The art of the comeback

Illustration by Mark Stivers

Due to ongoing demolition and construction at the Sacramento Convention Center, the next California Craft Beer Summit will be held in Long Beach instead of Sacramento in September. That means that the title of “Best Local Beer Fest” is up for grabs.

There are strong contenders for the title, most notably the Capitol Beer Fest, the Track 7 IPA Invitational and the ever-expanding Coffee Beer Fest. But after a year’s absence, The Art of Beer festival is engineering a comeback that may propel it to the top.

“I never miss this one,” says Brian McGillivray, brewmaster at Truckee-based FiftyFifty Brewing, which won the Brewery Group of the Year award at last year’s Great American Beer Festival. As one of the more than 30 breweries and cideries scheduled to attend The Art of Beer on January 25 at the McClellan Conference Center, FiftyFifty will pour Eclipse, its famed barrel-aged Imperial Stout, as well as its award-winning, oatmeal cookie-inspired I Did It All For the Cookie.

McGillivray has attended this hybrid beer festival and gallery show since 2012, back when he was still working as a brewer for Sierra Nevada.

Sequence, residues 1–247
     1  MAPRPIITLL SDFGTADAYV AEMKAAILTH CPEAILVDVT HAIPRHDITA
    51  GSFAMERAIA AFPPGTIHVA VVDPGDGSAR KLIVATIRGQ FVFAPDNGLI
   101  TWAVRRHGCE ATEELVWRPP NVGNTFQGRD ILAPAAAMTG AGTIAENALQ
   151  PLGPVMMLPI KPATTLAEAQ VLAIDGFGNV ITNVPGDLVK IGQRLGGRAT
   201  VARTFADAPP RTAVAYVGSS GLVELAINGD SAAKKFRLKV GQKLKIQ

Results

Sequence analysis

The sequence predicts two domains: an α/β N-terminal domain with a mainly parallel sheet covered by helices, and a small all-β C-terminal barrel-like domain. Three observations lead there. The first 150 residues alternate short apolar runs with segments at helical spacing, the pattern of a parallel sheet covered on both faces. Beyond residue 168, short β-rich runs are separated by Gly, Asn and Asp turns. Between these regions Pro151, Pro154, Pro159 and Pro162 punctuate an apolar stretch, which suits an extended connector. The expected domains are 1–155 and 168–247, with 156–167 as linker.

“I had never really seen or heard of an event that paired the beer with the art, and then some good food as well,” he says. “I knew at that point that I wanted to keep going back.”

The first festival was held in 2012 in downtown Sacramento, originally as a way for co-founder Rawi Nanakul to showcase his art. A former fight photographer who shot Muy Thai fighters in Thailand, Nanakul began shooting breweries after returning to the States to attend grad school.

“I thought I should put on a cool gallery show to show off the progress, and then that kind of became a beer festival,” he says.

About 200 people attended the first The Art of Beer, and only two other artists besides Nanakul showcased their work.

“Every year we started adding in more artists because I didn’t have any additional work,” Nanakul says. “It evolved into this idea of bringing the community closer to the people that make the beer.”

By 2017, the festival had grown to 3,300 attendees. But a flurry of negative feedback such as long lines and large crowds persuaded Nanakul and the other festival founders to take a year off, scale back and refocus on the festival’s original mission.

The $40 to $80 tickets for this year’s event are capped at 1,200. Nanakul promises a more intimate experience with greater food options and fewer corporate sponsors, as well as pop-up pours from two “secret” breweries and an art auction to benefit the Make-a-Wish Foundation.

“It’s kind of terrifying to put yourself out there again after taking your first little bump,” Nanakul says. “I’m excited, but at the same time, I feel like I’m putting more of myself out there this time because we don’t have the corporate sponsorship and it’s more about what the four of us really want to do for ourselves."